The end, Craig Benson knows all too well, is coming. The salad days of combining student life with swimming finally finish next summer when he dons mortarboard and gown to depart the University of Stirling and acquires a few sleek suits for the corporate world and a traineeship at Ernst and Young.

At 25, he has done well to cling on to this world of relative bliss.

“I’m not sure if they see me as a mature student now,” he grins.

His start date as an accountant, in September, is a neat fit for his schedule, coming three weeks after the Olympics in Tokyo conclude. Perfect if the breaststroker can propel himself to a third and final Games appearance.

Despite his relegation out of British Swimming’s world-class performance squad, he remains driven to elbow his way through the trio of Adam Peaty, James Wilby and his own training partner Ross Murdoch. The pressure rests on their shoulders. His feel free and easy.

“Everyone’s putting them on the plane,” he says. “They can only lose their seats. No-one’s expecting me to be there. But that allows me to take more risks. Trying different things or adapting my training. Because I’ve got a place to gain.

“And I’m not the kind of person who likes to let opportunities go to waste. I remember qualifying for Rio and London and thinking ‘you might never get this chance again’. That mind-set took the doubt away and I qualified. So I’ll feel perfectly fine going into trials.”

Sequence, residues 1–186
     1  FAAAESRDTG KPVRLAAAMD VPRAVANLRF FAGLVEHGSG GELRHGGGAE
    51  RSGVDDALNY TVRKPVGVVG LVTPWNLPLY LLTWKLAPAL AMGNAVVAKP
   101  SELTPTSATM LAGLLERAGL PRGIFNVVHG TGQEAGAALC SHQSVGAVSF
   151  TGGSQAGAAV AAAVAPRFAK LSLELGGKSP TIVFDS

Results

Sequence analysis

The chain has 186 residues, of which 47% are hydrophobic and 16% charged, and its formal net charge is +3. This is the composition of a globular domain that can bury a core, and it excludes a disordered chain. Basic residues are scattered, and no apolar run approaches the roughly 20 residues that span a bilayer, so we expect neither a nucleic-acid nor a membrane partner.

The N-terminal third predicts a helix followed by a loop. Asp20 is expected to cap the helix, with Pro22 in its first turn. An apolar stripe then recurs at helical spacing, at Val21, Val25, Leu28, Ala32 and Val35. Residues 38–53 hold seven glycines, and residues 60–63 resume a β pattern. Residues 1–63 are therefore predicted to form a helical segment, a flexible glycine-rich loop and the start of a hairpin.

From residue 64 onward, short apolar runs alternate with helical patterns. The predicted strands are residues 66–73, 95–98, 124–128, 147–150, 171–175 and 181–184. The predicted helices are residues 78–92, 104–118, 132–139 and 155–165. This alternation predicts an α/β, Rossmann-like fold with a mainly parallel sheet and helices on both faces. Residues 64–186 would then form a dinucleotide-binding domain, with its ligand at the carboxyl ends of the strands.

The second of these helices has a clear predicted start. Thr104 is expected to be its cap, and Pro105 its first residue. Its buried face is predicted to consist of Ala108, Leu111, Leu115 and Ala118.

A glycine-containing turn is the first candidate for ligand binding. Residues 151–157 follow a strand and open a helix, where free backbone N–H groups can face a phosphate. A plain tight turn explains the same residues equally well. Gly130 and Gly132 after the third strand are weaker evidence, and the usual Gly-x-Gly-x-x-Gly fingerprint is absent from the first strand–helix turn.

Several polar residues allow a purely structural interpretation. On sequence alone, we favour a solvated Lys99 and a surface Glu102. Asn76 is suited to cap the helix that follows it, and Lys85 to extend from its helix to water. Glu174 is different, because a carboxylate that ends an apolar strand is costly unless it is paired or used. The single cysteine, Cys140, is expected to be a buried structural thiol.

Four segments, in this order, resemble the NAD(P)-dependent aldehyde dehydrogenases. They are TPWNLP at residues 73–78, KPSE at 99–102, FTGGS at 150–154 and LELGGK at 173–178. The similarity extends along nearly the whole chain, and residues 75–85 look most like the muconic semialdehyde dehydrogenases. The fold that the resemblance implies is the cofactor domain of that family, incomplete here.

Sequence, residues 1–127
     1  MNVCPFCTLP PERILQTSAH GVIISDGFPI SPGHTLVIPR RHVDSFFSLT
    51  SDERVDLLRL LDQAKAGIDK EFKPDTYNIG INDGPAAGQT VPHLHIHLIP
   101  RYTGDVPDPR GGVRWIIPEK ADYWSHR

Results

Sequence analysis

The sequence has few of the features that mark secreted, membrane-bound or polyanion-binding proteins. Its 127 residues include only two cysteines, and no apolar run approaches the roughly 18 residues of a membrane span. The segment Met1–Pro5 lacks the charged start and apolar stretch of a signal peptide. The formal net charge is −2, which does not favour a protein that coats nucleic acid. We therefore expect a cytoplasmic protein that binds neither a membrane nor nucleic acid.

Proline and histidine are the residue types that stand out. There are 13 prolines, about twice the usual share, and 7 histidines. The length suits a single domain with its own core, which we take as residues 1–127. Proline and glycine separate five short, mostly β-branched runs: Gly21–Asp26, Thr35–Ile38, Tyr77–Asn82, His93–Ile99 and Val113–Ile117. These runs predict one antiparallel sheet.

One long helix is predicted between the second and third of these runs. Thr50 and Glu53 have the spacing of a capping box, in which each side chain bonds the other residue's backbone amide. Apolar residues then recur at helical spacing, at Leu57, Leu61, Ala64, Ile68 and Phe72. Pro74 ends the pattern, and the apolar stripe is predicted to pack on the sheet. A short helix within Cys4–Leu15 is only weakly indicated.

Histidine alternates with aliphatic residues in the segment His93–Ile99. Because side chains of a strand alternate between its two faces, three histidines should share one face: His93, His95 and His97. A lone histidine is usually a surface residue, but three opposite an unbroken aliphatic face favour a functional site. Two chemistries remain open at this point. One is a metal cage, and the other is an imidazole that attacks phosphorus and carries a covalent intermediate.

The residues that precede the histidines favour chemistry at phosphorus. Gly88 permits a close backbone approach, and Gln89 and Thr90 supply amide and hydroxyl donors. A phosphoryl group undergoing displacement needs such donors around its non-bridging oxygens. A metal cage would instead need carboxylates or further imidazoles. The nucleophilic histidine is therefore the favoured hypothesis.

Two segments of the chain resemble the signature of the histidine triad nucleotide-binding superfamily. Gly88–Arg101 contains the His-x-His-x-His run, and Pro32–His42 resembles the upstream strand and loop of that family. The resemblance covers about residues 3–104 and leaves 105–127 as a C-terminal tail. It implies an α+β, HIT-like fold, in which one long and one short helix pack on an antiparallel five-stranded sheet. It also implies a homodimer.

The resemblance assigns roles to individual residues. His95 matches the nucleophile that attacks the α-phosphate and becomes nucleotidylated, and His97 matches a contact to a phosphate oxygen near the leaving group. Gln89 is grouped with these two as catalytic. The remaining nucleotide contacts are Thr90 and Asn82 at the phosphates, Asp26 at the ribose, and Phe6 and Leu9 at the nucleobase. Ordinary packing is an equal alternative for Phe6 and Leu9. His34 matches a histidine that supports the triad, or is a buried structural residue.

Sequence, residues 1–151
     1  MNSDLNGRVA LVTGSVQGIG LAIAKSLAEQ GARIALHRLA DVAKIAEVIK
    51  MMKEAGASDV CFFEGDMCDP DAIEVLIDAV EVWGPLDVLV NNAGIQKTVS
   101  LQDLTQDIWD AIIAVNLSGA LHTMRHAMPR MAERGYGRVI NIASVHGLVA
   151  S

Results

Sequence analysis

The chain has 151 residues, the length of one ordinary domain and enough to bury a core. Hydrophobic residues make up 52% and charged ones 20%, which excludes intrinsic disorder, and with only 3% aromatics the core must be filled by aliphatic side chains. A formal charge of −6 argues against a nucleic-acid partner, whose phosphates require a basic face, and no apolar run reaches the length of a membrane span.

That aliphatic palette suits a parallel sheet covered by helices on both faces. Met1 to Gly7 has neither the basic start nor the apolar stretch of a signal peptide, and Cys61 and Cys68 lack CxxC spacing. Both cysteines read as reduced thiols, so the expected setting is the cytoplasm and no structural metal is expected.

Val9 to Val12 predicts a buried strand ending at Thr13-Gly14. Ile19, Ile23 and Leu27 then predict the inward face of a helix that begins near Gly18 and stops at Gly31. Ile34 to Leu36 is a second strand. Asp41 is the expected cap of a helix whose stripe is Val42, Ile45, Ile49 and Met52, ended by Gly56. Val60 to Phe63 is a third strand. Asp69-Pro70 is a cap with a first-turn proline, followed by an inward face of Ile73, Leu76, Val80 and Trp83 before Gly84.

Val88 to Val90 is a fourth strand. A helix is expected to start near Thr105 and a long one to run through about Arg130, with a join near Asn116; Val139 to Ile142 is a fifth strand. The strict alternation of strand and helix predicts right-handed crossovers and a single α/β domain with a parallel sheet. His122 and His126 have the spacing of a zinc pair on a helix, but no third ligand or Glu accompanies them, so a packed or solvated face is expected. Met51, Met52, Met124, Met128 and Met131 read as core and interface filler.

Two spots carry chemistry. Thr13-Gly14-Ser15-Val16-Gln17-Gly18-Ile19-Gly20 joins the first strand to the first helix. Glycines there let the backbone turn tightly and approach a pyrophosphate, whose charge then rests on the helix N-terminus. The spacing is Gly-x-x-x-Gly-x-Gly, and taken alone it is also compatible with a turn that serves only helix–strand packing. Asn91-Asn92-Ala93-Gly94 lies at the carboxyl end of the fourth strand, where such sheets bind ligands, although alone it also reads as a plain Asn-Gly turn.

That he can still make advances was illustrated yesterday on the opening day of the Scottish short-course championships in Edinburgh.

In the morning heats of the 50m breaststroke, the twice Olympic semi-finalist delivered the quickest time of his career.

In the evening final, he lowered it again but was usurped by Murdoch’s reduction of his own Scottish record to 26.26 secs with their Stirling colleague Zak Aitchison sneaking in between.

Still, progress for Benson, who feels on a mission to dispute any claim that he is long past his prime.

“After Rio I got dropped from the world-class programme,” Benson says. “But the next year, I swam personal bests and I got put back on.

“I like proving people wrong. That motivated me as well. It’s an added challenge, especially when the selection policy – especially for relays – has become more subjective. But if I swim fast enough, they’ll pick me.”

Newly-crowned European champion Freya Anderson won the women’s 100m freestyle in Edinburgh in 52.56 seconds but Lucy Hope, in second, lowered the Scottish record to 53.26 secs in the midst of an arduous spell.

“I have an exam on Monday morning,” the 22-year-old said. “I went part-time this year so the work load has been a lot less with only one course this semester and one next semester.

“I still think it’s important to keep your brain a little bit busy and not always focus too much on swimming.”

Hannah Miley took the women’s 400 individual medley title, Edinburgh University’s Kara Hanlon won the 50m breaststroke and Kathryn Greenslade prevailed in the 200m backstroke.

Craig McNally obliterated Gregor Tait’s long-standing Scottish best in the 200m backstroke, seeing off Duncan Scott who will maintain an experimental schedule in today’s 100m breaststroke.

Craig McLean held off European medallist Scott McLay in the men’s 100m freestyle while Mark Szaranek won the 400m individual medley as he looks ahead to the International Swimming League final in Las Vegas. “The training’s been going well so that’s a promising sign for next week,” he said.